Local media reports new government to have council headed by 53-year-old Mullah Abdul Ghani Baradar.
KABUL, Afghanistan (AA) – The Taliban have been delaying the formation of a government in Afghanistan since they took control of 33 provinces, including the capital Kabul, forcing former President Ashraf Ghani and other officials to flee the country on Aug. 15.
Most of the 33 provincial capitals have been taken over by the Taliban without bloodshed, but deadly clashes continue in Panjshir, the only province battling them, led by Ahmad Masoud — the son of Mujahideen commander Ahmad Shah Masoud — and Bismillah Mohammadi, the Ghani government’s defense minister.
Taliban leader Sher Mohammad Stanikzai told a foreign news channel on Wednesday that the government would be established in two days, fueling speculations that it might be formed on Friday.
The Taliban, who signed a peace agreement with the US in Doha in February last year to withdraw all foreign forces from Afghanistan, have made no comment.
Despite signing the Doha Agreement, the Taliban officials have said explicitly that they intend to establish an “Islamic Emirate” under the leadership of their supreme leader, Mawlawi Hibbatullah Akhundzada.
Despite a clear-cut announcement from the Taliban side, a local Afghan news channel reported, quoting unknown sources, that the new government will have a council headed by 53-year-old Mullah Abdul Ghani Baradar.
Baradar, who heads the Taliban’s political office, will be joined by Mullah Mohammad Yaqoob, the son of late Taliban co-founder Mullah Omar, and Sher Mohammad Abbas Stanekzai — the head of the Taliban’s political office in Qatar — in the new government’s senior positions, according to Tolo News.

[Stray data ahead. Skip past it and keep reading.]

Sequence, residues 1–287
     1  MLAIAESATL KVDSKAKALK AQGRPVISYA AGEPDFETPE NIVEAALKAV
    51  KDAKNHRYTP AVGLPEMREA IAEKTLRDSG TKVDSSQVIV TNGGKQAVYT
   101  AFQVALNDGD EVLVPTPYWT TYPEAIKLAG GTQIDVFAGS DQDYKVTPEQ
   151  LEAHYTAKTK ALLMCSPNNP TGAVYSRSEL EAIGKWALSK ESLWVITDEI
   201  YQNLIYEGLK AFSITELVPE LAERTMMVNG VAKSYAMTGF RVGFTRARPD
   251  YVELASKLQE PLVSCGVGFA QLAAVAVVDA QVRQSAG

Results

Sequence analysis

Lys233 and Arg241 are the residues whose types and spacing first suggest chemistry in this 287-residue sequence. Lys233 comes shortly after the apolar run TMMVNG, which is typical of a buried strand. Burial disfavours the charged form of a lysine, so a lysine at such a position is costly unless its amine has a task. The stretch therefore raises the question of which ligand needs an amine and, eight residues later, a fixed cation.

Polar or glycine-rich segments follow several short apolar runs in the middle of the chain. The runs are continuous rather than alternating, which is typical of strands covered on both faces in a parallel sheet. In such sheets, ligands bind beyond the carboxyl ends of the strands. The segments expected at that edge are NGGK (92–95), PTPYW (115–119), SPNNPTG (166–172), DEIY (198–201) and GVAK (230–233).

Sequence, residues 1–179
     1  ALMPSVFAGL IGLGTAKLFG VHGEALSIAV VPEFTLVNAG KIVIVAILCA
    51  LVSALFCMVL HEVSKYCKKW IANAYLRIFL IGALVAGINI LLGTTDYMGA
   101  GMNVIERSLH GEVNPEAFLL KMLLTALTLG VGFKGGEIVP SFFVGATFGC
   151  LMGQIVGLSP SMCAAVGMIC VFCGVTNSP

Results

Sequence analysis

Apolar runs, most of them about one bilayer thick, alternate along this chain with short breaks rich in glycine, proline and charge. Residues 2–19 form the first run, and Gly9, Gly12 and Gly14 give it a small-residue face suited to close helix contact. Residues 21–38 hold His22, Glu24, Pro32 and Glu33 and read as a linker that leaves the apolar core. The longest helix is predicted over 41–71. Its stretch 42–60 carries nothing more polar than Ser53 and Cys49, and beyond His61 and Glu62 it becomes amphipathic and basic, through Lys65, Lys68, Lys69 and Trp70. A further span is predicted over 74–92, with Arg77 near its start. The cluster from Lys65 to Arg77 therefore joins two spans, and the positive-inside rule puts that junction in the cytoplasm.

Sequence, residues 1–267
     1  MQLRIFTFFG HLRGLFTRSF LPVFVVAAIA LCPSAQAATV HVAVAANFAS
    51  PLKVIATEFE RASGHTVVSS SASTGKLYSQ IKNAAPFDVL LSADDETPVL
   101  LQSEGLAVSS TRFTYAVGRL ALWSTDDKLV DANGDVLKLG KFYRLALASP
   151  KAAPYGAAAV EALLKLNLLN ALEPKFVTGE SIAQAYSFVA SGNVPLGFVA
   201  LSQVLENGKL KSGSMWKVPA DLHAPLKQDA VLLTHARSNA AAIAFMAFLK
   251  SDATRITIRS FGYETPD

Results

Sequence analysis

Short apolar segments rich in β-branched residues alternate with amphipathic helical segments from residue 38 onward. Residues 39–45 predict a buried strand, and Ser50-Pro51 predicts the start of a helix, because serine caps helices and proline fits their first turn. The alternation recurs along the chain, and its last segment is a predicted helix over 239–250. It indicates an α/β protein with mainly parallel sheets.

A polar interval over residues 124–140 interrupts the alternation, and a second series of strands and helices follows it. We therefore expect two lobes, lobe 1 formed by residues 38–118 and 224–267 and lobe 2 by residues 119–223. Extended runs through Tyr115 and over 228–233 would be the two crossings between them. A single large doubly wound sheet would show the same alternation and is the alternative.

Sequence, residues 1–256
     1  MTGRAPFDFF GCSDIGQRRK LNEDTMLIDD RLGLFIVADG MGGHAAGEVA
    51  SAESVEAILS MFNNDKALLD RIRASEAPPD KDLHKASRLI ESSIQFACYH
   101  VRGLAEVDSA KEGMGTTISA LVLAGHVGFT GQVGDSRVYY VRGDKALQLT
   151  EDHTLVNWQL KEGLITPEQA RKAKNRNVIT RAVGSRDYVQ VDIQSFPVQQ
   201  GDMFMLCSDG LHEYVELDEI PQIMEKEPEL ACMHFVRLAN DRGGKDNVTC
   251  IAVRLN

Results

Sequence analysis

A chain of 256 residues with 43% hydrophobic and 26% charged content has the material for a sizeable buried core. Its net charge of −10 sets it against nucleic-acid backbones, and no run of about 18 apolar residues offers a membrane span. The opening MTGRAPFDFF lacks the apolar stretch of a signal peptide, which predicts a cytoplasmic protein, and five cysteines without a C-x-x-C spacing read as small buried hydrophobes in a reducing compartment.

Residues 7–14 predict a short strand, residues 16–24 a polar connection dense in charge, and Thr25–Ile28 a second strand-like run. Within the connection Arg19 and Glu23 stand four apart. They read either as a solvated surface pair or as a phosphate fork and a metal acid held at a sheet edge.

A founding member of the Taliban movement in the 1990s, Baradar has served as provincial governor and deputy defense minister during the Taliban’s first rule in Afghanistan. He was arrested in the Pakistani port city Karachi in 2010 and released in October 2018 at the request of the US.
Akhundzada was born in 1961 in the southern Kandahar province’s Panjwai district, with a background as a religious leader who oversaw Islamic civil law and jurisprudence-related matters as the head of the judiciary during the Taliban regime from 1996 to 2001.
The Taliban leader hails from the powerful Nurzai clan of ethnic Pashtuns. He took over in 2016 after his predecessor Mullah Akhtar Mansour, who was killed in a US drone strike in Pakistan’s southwestern Balochistan province.
The Taliban are facing financial difficulties as the country’s assets are being stored outside, while the country’s people have not heard about the economic plans of the Taliban.
People are flocking to several banks even before the branches opened to withdraw money up to 20,000 Afghanis ($200), a weekly limit set by the country’s Central Bank after it remained closed for more than a week after the Taliban took over Kabul on Aug. 15.
Due to a lack of clarity regarding the country’s administration after the Taliban gained control of Kabul, the IMF has already stopped Afghanistan’s access to the Fund’s resources, including roughly $440 million in new monetary reserves.
While US officials said the majority of the Afghan Central Bank’s approximately $10 billion in assets are stored outside the country, they are likely beyond the Taliban’s reach.
Any Afghan Central Bank assets stored in the US would not be made accessible to the Taliban, the Joe Biden administration had told foreign media.